Global EditionASIA 中文双语Français
Home / Culture / Heritage

Brewing support among the young

Xinhua | Updated: 2022-12-26 07:48
Share - WeChat
An aerial view of the Tribute Tea Museum of Tang Dynasty in Changxing county, Zhejiang province, where the Zisun tea-making technique, a national intangible heritage, is preserved. [Photo/Xinhua]

Crushing tea leaves, sifting tea powder, adding hot water, and stirring with a whisk until thick bubbles appear … A special tea party was held at the Tribute Tea Museum of Tang Dynasty in Changxing county, East China's Zhejiang province.

By restoring this ancient ritual, Zheng Funian, a national intangible heritage bearer of the Zisun teamaking technique, together with his apprentices, was celebrating the addition of China's traditional tea-making to the intangible cultural heritage list of UNESCO in late November.

"More than a thousand years ago, our ancestors had already painted or written on the tea foam, which is even more sophisticated than today's latte art," Zheng says, adding that the processing of Zisun tea has existed since the Tang Dynasty (618-907).

Since tea was discovered and utilized by the Chinese people in ancient times, China's culture of making and drinking tea has become popular all over the world, and the culture has also been developed and spread more widely.

A thousand-year legacy

Manjuelong village in Hangzhou is one of the core production areas of China's renowned Longjing tea. From picking to roasting tea leaves, tea maker Tang Hejun has made tea by hand for years.

Longjing tea makers have to adjust the roasting time and technique depending on the moisture content and quality of the tea leaves, making each pot of tea unique.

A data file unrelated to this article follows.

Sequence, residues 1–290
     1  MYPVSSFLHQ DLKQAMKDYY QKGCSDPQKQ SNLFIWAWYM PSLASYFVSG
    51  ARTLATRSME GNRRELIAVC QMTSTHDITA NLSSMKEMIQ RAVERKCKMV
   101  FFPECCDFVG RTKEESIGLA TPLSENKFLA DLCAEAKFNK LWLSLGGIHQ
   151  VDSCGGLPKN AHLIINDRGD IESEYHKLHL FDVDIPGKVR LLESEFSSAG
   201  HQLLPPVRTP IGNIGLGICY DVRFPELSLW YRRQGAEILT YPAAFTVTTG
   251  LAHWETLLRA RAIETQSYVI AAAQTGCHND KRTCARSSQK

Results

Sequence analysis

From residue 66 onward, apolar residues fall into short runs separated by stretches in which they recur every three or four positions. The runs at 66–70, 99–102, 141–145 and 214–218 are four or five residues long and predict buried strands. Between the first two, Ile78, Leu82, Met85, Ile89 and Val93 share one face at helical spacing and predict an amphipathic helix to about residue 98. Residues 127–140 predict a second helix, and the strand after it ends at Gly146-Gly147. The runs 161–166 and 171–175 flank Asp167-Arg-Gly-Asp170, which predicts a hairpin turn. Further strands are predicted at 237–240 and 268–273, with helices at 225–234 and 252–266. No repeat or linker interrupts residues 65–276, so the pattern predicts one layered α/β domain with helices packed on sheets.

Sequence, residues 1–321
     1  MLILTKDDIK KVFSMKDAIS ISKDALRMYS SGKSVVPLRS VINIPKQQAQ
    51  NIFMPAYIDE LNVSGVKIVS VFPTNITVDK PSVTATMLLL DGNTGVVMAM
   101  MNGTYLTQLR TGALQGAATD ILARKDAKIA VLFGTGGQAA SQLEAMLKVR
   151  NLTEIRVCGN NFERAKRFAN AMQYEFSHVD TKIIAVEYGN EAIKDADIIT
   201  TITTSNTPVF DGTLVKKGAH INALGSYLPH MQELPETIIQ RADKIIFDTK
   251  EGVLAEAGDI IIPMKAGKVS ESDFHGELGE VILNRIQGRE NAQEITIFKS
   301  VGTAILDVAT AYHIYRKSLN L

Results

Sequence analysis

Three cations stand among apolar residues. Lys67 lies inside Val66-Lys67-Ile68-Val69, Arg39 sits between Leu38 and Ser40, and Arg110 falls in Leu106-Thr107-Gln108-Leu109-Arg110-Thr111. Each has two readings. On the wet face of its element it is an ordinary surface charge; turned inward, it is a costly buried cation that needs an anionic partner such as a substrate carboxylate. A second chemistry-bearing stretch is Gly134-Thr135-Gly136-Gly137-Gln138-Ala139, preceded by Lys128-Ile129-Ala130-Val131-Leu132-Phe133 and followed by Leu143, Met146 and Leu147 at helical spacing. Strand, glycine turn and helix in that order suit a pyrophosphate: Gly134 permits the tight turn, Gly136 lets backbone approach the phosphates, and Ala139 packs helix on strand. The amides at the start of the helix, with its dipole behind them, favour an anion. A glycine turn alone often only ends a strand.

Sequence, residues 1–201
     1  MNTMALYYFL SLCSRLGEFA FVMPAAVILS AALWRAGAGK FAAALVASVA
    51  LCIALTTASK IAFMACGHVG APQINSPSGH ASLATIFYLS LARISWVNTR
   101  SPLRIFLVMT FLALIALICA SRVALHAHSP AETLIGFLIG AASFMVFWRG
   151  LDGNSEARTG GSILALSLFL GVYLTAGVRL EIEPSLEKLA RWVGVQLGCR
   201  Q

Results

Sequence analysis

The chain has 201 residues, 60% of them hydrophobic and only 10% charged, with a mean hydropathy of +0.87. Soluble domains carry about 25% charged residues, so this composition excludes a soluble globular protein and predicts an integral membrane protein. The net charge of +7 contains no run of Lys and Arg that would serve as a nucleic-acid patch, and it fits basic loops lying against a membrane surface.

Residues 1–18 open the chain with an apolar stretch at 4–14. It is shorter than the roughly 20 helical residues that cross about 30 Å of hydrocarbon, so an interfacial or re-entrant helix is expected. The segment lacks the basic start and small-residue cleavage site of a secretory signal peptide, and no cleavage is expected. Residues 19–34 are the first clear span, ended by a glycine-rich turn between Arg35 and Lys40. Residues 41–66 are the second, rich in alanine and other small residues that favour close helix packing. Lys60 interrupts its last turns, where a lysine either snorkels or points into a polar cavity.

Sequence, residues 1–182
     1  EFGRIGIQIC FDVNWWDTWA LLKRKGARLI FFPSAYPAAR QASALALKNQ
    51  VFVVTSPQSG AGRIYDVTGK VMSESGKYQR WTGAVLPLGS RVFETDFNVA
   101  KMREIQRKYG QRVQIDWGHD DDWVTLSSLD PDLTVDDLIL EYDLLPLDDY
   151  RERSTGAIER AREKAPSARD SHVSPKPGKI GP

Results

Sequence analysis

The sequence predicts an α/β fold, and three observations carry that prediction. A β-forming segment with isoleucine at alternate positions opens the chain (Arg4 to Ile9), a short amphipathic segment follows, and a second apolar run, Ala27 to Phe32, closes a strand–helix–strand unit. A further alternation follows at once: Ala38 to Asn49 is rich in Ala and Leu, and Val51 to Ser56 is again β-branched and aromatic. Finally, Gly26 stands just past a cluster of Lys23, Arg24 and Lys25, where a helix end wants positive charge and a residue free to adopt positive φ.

"We have to deal with the 200 C pot every day," Tang says, adding that roasting tea is "tough work". As more people left the tea villages for big cities and machine-roasted tea sells much cheaper, manual tea roasting skills were once in danger of being lost.

The villagers have come up with various ways to pass on the tea art. This year in the Longjing tea production area, a course on manual tea-making techniques has attracted more than 200 people, mostly youngsters, to participate. Fu Bo was one of them.

"Compared with machine-roasted tea, handmade tea has abundant flavor. Different tea makers will give the tea unique tastes, which is the charm of Chinese tea," Fu says. He grew up in a tea garden, through which he got to know the essence of tea culture.

Fu says tea has become a common interest among young people, and learning how to roast tea is a new trend among the younger generation.

In Wengjiashan village, another production area of Longjing tea, Sun Bin, the village's Party secretary, has launched courses about tea brewing, tea processing and other related skills.

"About 50 young villagers came to participate in our courses, of which the youngest was born in 2013." Sun feels relieved that more young people are willing to learn tea production techniques.

1 2 3 Next   >>|
Most Popular
Copyright 1995 - . All rights reserved. The content (including but not limited to text, photo, multimedia information, etc) published in this site belongs to China Daily Information Co (CDIC). Without written authorization from CDIC, such content shall not be republished or used in any form. Note: Browsers with 1024*768 or higher resolution are suggested for this site.
License for publishing multimedia online 0108263

Registration Number: 130349